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Showing posts from September 24, 2015




The worst has happened. Jerusalem is in ruins. God’s chosen people, the Jews, have lost their city and their land. Now they may also lose their nation and their faith.
The Lamentations are funeral songs for the way of life and the people that have been lost. The songs accept that this disaster is God’s punishment, and they look to him as their only help and hope.
The Lamentations give a vivid picture of a desperate situation. All the people of Jerusalem and surrounding Judea have been killed, captured or ruined. Solomon’s temple has been torn down. The city’s great buildings and fine houses have been reduced to rubble.
The poems admit that this destruction is well-deserved and long overdue. God has punished his people for their sins, by letting their enemies conquer them. But God is also merciful. His people dare to hope and pray that he will accept their repentance and restore them.

Knowles, Andrew. The Bible Guide. 1st Augsburg books ed. Minneapolis, MN:…

Depictions of Dogs in the Beni Hasan Tombs

Depictions of Dogs in the Beni Hasan Tombs
Dogs also had a mixed profile in Semitic culture. Although the dog was associated with Gula, a Mesopotamian goddess of healing, and may have been a protagonist in restorative and apotropaic rites, there is a great deal of textual evidence that dogs were scorned as curs, the bearers of uncleanness, and harbingers of misfortune (see the Chicago Assyrian Dictionary, 8:68–73, under kalbu). The dog almost always has negative connotations in the biblical text (e.g., Exod 22:31, 1 Kgs 21:23, Qoh 9:4). The dog figured prominently in a Greek legend about the discovery of the dye for which Phoenicia was reknown. When Melqart, king and deity of Tyre, was walking along the beach with the nymph Tyros, their dog bit into a large whelk that stained its mouth purple. Melqart immediately seized upon dyeing cloth with the substance and a flourishing industry was born (McGovern 1990). Although this particular legend is Greek, it must have had wide currency, be…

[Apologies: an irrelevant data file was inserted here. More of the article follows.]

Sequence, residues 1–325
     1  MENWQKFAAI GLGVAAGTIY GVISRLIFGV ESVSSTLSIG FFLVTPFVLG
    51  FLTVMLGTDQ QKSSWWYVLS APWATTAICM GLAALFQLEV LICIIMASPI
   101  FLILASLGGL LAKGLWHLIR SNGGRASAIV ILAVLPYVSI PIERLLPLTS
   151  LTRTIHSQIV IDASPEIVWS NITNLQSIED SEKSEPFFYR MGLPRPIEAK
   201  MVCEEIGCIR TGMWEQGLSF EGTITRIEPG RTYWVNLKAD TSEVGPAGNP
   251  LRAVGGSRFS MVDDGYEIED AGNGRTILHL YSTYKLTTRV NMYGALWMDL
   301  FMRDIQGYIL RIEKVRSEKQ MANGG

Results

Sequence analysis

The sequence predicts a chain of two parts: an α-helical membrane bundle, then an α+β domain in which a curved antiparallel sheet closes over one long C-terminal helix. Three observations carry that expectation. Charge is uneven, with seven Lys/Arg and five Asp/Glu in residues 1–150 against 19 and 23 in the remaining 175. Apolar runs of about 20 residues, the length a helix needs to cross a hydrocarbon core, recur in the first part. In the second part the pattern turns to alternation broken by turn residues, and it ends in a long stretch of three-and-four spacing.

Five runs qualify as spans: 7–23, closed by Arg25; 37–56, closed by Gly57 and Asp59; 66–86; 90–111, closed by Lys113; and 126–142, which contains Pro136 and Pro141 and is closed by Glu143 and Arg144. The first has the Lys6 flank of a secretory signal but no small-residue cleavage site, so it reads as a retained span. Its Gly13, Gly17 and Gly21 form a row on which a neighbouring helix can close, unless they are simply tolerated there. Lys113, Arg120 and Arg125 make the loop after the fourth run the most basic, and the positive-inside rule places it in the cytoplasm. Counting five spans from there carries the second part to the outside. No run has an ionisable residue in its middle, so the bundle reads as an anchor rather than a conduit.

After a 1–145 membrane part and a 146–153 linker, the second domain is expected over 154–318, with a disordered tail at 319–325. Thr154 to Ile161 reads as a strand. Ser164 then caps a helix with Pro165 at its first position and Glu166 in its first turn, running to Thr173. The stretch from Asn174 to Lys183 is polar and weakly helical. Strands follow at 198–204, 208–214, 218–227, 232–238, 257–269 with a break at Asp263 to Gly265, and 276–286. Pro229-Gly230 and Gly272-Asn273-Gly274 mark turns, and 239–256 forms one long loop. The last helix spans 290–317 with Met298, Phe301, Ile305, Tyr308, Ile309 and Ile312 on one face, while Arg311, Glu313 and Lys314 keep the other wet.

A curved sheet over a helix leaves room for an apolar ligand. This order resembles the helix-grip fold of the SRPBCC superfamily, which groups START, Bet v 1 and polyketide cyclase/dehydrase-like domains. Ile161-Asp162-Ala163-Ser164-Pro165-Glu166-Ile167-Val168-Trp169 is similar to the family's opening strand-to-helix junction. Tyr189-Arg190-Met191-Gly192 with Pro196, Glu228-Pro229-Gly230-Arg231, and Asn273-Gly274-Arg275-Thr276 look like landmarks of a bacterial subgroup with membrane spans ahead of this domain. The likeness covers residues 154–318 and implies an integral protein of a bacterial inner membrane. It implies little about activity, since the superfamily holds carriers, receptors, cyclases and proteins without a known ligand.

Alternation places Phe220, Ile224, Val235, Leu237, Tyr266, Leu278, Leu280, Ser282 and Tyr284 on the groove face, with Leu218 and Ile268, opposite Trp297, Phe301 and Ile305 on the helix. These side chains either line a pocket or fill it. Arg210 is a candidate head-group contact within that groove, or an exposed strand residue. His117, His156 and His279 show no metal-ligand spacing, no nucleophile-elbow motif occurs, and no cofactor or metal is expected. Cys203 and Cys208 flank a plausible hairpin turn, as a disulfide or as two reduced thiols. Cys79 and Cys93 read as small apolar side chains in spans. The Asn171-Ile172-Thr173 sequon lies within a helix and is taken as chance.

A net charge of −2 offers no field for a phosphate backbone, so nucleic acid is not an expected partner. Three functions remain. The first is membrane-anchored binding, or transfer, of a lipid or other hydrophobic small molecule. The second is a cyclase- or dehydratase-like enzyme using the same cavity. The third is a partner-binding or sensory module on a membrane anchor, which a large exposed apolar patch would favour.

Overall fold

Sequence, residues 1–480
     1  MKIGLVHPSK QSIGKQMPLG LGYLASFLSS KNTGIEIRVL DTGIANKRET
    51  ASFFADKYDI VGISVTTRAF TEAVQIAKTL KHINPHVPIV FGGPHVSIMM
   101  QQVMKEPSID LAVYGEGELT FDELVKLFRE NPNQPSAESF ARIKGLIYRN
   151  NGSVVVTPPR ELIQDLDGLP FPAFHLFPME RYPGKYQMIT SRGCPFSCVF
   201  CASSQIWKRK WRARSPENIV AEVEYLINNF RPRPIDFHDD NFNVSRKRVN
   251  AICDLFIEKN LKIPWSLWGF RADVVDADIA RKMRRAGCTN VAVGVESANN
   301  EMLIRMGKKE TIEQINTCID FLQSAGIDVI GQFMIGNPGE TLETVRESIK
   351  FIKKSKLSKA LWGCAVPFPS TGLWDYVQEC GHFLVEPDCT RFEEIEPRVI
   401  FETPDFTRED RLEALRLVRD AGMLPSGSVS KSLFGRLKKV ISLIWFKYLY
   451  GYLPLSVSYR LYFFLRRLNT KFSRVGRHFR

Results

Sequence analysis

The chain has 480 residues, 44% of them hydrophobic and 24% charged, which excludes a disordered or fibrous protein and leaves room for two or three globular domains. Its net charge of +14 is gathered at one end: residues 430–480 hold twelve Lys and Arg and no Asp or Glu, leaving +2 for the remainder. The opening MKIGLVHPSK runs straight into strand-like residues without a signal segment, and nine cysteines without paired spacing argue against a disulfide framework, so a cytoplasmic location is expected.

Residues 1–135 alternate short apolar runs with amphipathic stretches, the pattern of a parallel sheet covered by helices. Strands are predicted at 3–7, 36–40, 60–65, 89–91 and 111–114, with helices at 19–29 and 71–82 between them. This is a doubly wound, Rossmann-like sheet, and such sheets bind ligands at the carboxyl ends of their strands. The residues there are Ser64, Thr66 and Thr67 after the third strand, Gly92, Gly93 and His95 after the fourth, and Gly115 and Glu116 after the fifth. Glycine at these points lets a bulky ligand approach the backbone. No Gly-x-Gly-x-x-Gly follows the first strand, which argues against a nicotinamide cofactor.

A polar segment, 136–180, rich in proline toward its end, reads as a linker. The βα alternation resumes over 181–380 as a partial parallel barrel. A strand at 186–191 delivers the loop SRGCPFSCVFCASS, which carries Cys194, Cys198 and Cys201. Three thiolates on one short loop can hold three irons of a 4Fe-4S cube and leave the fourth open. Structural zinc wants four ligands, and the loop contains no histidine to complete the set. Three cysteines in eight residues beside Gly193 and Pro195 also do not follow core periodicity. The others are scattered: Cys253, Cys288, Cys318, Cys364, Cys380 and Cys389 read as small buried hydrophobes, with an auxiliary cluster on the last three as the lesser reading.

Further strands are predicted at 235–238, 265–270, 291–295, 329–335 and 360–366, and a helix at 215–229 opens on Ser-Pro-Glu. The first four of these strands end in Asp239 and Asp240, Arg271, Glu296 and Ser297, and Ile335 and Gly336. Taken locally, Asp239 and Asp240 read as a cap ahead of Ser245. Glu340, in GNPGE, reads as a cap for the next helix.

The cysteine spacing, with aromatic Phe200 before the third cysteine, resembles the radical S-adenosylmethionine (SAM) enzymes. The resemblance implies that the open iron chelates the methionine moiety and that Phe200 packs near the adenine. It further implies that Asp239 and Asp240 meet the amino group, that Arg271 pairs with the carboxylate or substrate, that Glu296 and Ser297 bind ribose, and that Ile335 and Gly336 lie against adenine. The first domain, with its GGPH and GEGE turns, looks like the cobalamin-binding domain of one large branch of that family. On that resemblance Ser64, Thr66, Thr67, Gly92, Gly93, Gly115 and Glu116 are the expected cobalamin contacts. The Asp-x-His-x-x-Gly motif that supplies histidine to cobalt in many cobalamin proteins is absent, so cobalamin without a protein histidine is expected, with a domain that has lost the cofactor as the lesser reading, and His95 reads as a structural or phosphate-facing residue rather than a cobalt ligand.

Tunnel, Smyrna

Tunnel, Smyrna
‎A subterranean passage in the Roman era ruins at Smyrna (modern Izmir, Turkey).

Malachi Pleads with the Heedless

Malachi Pleads with the Heedless
‎Malachi the last of the prophets in the arrangement of the Old Testament, and also, with the possible exception of Joel, the last in time, is a figure only dimly visible. He is himself a shadowy spiritual messenger such as his book promises shall be sent from God. His very name is in dispute, for “Malachi” is perhaps but a general word meaning “messenger.” The writer of the book was a contemporary of Ezra and Nehemiah, preaching somewhere about the year 450 B. C. He is more modern in tone than the other prophets, and more logical. He introduces dialectic methods, arguing with his people by means of question and response. Most of his brief book is devoted to matters of ritual observance, the priestly laws of the priestly government which ruled the Jerusalem of his day.
‎Yet despite these characteristics Malachi is not less spiritual than his predecessors, not less prophetic of vision, nor less high of faith. He lived in an age of discouragement. The r…

Thoughts for the Quiet Hour

September 24
  And the Lord said, Shall I hide from Abraham that thing which I do?
  Gen. 18:17
Abraham, in communion with God, knew long before Lot, in Sodom, of the destruction of that city. Oh, for more communion!